If You Want To Retire In 10 Years, Spend 2020 Buying Stocks

Monday’s carnage should provide a wake-up call to investors.

Don’t sell your stocks. Buy more.

It’s days like this when you need to put into practice the things many of us have been preaching together in recent Seeking Alpha articles.

The idea that you keep a large cash cushion so you don’t have a worry about seeing your stock portfolio tank. With six to 12 months worth of expenses in the bank, you decrease the risk you’re going to panic sell to retreat to the relative safety of cash. You already enjoy the relative safety of cash. You invest – and ride out stock market storms – from a position of strength, not anxiety.

But you don’t merely ride out the storm. You take advantage of it. As I write this, my portfolio is down roughly 1.5 percent. Earlier in the session, it was off by a bit more than 2 percent. This isn’t catastrophic, but it’s more downside than I’m used to seeing in recent months, with the exception of mid March.

I’m not scared. Far from it. I’m trying to be patient. It only makes sense that we’ll see more downside. I’m anticipating it. With everything going on in the world – pandemic second waves in Europe and about to rear in the U.S. and Canada, an unprecedentedly contentious election just six weeks away – expect to see more pressure, if not prolonged downside or outright, even multiple sustained crashes. Profit taking plays a role as well. While I disagree, some people sell on valuation (though it’s interesting to see tech lead the late day partial rebound).

Here’s the thing – this all makes sense. I’d be more concerned if we weren’t seeing stocks drop from time to time. I’d be worried if I didn’t have the sense more is on the way.

So I have to resist buying too soon. That’s my problem. Starbucks (SBUX) at $76. AvalonBay Communities (AVB) and Essex Property Trust (ESS) both down more than 3 percent. Verizon (VZ) and AT&T (T) both just over 1 percent. It’s difficult to not buy these stocks and others with every bit of cash I have to put into the market.

My plan is to see how the week goes. If there’s more downside, I’ll start making incremental buys (which add to the incremental buying I do regularly regardless of market conditions). If there’s a rebound, I’ll wait for another day like Monday.

No matter when you think it’s time to buy. Or if you are unsettled by stocks dropping, ask the following question. If you made the right decisions on stocks when the market wasn’t tanking, you’ll like your answer and, hopefully, feel confident to starting buying low. Not so you can sell high, but so you can build position sizes in dividend-paying stocks that will eventually generate sizable income (on enhance your already sizable income stream) to help facilitate your road to traditional retirement or whatever the rest of us call it these days.

Does the Long-Term Story Remain Intact?

I didn’t buy SBUX, AVB, ESS, T, VZ, and others on some whim. I didn’t buy these stocks to get shaken out of them on a little bit of downside, particularly when it’s market driven and not company specific.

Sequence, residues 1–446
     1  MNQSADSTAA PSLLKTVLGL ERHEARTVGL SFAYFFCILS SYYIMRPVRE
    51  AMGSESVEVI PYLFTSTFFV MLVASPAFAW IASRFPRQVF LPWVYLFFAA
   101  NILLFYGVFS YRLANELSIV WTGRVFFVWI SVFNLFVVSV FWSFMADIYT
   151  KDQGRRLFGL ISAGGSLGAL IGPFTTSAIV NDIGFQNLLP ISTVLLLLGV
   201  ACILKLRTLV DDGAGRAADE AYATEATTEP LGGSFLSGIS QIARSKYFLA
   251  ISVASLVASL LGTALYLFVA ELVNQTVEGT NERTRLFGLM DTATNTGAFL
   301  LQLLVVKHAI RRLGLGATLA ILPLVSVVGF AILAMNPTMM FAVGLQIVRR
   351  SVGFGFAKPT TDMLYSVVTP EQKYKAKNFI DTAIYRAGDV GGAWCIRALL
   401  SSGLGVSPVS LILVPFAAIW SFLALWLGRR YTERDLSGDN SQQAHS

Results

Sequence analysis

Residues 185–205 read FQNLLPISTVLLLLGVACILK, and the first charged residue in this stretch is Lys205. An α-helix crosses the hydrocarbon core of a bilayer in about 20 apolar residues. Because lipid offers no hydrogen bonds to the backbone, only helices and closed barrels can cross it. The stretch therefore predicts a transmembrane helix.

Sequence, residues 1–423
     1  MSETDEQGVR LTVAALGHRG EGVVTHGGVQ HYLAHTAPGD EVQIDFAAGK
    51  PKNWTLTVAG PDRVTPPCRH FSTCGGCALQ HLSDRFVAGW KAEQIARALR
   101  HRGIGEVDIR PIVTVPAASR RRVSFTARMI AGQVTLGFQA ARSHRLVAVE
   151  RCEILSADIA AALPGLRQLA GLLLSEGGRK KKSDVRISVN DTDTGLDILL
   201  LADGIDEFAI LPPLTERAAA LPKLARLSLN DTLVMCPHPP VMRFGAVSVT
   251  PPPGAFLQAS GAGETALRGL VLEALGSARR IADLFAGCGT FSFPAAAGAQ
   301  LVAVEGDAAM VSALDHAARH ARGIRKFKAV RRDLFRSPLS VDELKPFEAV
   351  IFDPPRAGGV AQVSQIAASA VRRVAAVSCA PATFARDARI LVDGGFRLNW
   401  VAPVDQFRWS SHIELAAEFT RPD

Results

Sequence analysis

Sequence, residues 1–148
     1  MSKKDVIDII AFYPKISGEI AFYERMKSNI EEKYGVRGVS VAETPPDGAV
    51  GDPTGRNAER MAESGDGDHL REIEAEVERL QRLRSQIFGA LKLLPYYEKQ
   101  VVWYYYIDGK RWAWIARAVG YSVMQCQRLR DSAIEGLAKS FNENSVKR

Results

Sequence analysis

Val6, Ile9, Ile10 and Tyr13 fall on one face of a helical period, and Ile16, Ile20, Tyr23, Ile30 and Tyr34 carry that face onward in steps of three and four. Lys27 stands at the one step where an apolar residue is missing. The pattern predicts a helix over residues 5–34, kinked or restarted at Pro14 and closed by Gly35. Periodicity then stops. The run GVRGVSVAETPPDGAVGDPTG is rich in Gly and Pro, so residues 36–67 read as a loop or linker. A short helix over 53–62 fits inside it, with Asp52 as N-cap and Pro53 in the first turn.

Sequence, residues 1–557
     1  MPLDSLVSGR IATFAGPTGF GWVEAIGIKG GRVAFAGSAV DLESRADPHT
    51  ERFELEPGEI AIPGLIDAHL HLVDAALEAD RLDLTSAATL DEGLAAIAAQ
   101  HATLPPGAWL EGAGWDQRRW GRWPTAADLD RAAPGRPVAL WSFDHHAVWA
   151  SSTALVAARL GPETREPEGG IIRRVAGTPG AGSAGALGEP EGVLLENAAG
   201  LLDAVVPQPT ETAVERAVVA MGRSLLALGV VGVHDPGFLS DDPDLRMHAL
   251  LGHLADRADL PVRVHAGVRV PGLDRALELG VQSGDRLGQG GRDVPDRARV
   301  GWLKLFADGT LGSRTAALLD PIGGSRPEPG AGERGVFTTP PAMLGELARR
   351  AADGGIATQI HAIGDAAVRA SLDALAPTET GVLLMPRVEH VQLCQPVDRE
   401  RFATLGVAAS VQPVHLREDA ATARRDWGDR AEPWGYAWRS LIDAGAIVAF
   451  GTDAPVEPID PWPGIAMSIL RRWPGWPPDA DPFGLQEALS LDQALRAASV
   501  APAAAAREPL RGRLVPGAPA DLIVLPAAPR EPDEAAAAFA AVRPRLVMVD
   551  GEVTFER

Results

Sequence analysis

This is part of what boggles my mind about so many traditional investing mindsets. Stocks you own go down so you sell. This makes no sense. Did you buy them to begin with because you believe in the companies or because you just figured they’d go up? Nothing going on in the macro environment impacts the long-term stories of stocks I own. It might provide a temporary obstacle, but each company has a sound strategy to lead their space or maintain a best of breed balance sheet, if not both.

This is why I don’t speculate on stocks anymore. When there’s pressure I want to be able to look at my holdings and know I own good companies. Companies I can explain and quickly detail my bull case on. If I can’t do this, I probably shouldn’t own the stock.

As we have discussed in recent weeks, needing the money has nothing to do with the quality of the stocks you own. It has everything to do with your personal finance and investing strategies. If you don’t have enough cash flow and cash on hand to make yourself feel practically and psychologically safe, you shouldn’t be investing in the first place. All that will happen is you’ll get freaked out when your portfolio tanks, you’ll sell, take losses you would have been better off leaving on paper, and sour yourself on investing.

Who in their right mind would want to continue investing when you put $100 into stocks only to take out $75 over and over again? After you did it a few times, you feel shame. You’re effectively torturing yourself. So, like me a decade ago or so, you stay out of the market and hit a rut in other aspects of your financial life.

Once you get your personal finance ducks in a quack-free row, you’re good to go. You have the green light to invest in the stock market and not only stay invested, but take advantage of opportunities like we saw Monday and will, with as close to certainty as I can come, see for much of the rest of 2020.

The stock market isn’t falling apart. It’s giving us a gift. Accept it for as long as it’s available. If you do, you’ll be in a position of financial flexibility in ten years, if not considerably sooner. It’s times like these when we must focus and employ the theories and strategies we enjoy reading about and discussing on Seeking Alpha.

Disclosure: I am/we are long SBUX, AVB, ESS, T, VZ. I wrote this article myself, and it expresses my own opinions. I am not receiving compensation for it (other than from Seeking Alpha). I have no business relationship with any company whose stock is mentioned in this article.

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